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J Immunol. 2007 Sep 15;179(6):4065-73.

Metalloproteinases shed TREM-1 ectodomain from lipopolysaccharide-stimulated human monocytes.

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Research Unit, La Paz Hospital, Madrid, Spain.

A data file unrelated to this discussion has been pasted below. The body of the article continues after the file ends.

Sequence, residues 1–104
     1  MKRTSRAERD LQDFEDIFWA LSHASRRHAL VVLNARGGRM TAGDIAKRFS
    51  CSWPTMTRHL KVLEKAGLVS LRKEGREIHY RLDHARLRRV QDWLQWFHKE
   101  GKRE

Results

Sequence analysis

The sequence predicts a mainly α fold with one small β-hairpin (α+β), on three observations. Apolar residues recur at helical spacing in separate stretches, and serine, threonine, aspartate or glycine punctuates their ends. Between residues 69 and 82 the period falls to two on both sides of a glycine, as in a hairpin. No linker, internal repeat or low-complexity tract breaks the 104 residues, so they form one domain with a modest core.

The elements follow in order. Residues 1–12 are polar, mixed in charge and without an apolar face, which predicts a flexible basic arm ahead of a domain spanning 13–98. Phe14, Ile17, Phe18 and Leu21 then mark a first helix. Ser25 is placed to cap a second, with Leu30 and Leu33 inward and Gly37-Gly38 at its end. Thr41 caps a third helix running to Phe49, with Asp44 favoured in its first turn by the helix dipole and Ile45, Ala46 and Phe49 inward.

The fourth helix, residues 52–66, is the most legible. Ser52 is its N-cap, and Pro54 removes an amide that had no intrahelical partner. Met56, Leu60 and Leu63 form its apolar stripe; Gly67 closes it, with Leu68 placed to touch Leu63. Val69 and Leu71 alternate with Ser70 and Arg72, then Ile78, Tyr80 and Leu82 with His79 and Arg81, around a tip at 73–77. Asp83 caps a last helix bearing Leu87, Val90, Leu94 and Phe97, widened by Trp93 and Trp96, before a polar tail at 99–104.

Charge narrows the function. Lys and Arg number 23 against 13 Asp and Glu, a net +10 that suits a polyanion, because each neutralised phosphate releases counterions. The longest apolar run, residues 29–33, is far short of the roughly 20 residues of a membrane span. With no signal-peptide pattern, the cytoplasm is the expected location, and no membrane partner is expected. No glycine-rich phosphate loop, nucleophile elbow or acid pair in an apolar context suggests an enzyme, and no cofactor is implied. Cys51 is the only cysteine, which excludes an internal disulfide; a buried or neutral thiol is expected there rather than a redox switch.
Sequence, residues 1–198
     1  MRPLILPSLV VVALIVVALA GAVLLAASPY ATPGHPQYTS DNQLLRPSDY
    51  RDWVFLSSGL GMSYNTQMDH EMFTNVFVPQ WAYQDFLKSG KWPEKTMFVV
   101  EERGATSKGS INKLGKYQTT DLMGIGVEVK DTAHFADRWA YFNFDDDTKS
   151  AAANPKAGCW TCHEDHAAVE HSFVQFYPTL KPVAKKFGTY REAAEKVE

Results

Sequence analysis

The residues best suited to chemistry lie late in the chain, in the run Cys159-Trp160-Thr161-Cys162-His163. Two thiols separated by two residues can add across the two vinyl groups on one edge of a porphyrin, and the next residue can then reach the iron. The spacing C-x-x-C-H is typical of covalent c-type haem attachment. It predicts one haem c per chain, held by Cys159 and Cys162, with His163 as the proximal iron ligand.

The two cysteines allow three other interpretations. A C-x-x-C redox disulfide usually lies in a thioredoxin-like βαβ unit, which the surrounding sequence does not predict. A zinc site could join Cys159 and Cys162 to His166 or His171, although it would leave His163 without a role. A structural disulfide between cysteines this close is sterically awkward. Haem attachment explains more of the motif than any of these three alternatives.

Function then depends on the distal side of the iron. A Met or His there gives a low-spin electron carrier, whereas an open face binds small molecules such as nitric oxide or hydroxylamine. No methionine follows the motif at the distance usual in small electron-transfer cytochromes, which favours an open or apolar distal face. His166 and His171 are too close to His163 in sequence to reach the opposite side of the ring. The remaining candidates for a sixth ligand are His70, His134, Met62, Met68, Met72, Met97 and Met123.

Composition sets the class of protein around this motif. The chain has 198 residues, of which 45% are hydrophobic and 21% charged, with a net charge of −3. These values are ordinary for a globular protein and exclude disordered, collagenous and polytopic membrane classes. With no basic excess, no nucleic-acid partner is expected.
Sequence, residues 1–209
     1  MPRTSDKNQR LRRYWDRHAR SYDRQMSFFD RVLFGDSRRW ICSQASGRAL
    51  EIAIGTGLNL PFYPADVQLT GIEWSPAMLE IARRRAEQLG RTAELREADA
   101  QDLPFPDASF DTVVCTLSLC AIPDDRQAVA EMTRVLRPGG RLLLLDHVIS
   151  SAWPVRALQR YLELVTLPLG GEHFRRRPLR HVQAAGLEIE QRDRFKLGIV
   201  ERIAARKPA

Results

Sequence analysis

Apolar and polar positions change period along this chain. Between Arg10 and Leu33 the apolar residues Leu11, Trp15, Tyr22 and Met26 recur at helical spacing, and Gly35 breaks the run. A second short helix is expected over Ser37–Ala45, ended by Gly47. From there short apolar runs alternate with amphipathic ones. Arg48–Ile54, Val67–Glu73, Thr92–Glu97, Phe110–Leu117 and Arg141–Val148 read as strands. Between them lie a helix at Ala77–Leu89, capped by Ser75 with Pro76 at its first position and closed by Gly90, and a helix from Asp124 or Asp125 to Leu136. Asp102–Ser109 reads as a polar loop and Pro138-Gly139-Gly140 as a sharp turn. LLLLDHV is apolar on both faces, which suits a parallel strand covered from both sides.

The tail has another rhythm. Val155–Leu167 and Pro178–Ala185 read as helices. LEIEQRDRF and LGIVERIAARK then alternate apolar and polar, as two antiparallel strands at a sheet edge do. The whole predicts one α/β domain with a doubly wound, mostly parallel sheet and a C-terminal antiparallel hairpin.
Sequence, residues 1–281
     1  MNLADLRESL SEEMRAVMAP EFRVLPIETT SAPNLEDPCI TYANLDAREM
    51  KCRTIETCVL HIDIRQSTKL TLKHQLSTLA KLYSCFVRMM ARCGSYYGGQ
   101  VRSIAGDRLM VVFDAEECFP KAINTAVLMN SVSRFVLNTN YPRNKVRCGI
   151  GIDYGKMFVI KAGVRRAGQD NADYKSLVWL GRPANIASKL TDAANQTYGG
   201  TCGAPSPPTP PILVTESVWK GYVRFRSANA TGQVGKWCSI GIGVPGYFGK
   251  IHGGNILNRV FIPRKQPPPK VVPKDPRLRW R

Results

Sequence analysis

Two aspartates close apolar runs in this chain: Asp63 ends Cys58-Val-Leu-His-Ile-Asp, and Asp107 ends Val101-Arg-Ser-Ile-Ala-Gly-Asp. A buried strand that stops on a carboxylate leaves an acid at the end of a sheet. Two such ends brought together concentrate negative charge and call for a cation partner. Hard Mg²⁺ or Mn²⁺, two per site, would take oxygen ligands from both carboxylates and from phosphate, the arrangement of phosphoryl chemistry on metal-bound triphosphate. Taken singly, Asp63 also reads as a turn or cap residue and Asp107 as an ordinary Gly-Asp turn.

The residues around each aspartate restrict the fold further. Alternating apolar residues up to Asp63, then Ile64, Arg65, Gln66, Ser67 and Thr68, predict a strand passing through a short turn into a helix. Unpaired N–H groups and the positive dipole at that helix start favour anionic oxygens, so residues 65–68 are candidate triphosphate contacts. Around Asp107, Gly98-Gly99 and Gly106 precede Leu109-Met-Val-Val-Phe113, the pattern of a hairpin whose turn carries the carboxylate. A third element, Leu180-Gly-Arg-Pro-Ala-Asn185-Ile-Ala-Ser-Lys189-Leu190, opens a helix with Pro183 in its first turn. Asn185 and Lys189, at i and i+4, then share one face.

Triggering receptors expressed on myeloid cell (TREM) proteins are a family of cell surface receptors that participate in diverse cellular processes such as inflammation, coagulation, and bone homeostasis. TREM-1, in particular, is expressed on neutrophils and monocytes and is a potent amplifier of inflammatory responses. LPS and other microbial products induce up-regulation of cell surface-localized TREM-1 and the release of its soluble form, sTREM-1. Two hypotheses have been advanced to explain the origin of sTREM-1: alternative splicing of TREM-1 mRNA and proteolytic cleavage(s) of mature, membrane-anchored TREM-1. In this report, we present conclusive evidence in favor of the proteolytic mechanism of sTREM-1 generation. No alternative splicing forms of TREM-1 were detected in monocytes/macrophages. Besides, metalloproteinase inhibitors increased the stability of TREM-1 at the cell surface while significantly reducing sTREM-1 release in cultures of LPS-challenged human monocytes and neutrophils. We conclude that metalloproteinases are responsible for shedding of the TREM-1 ectodomain through proteolytic cleavage of its long juxtamembrane linker.

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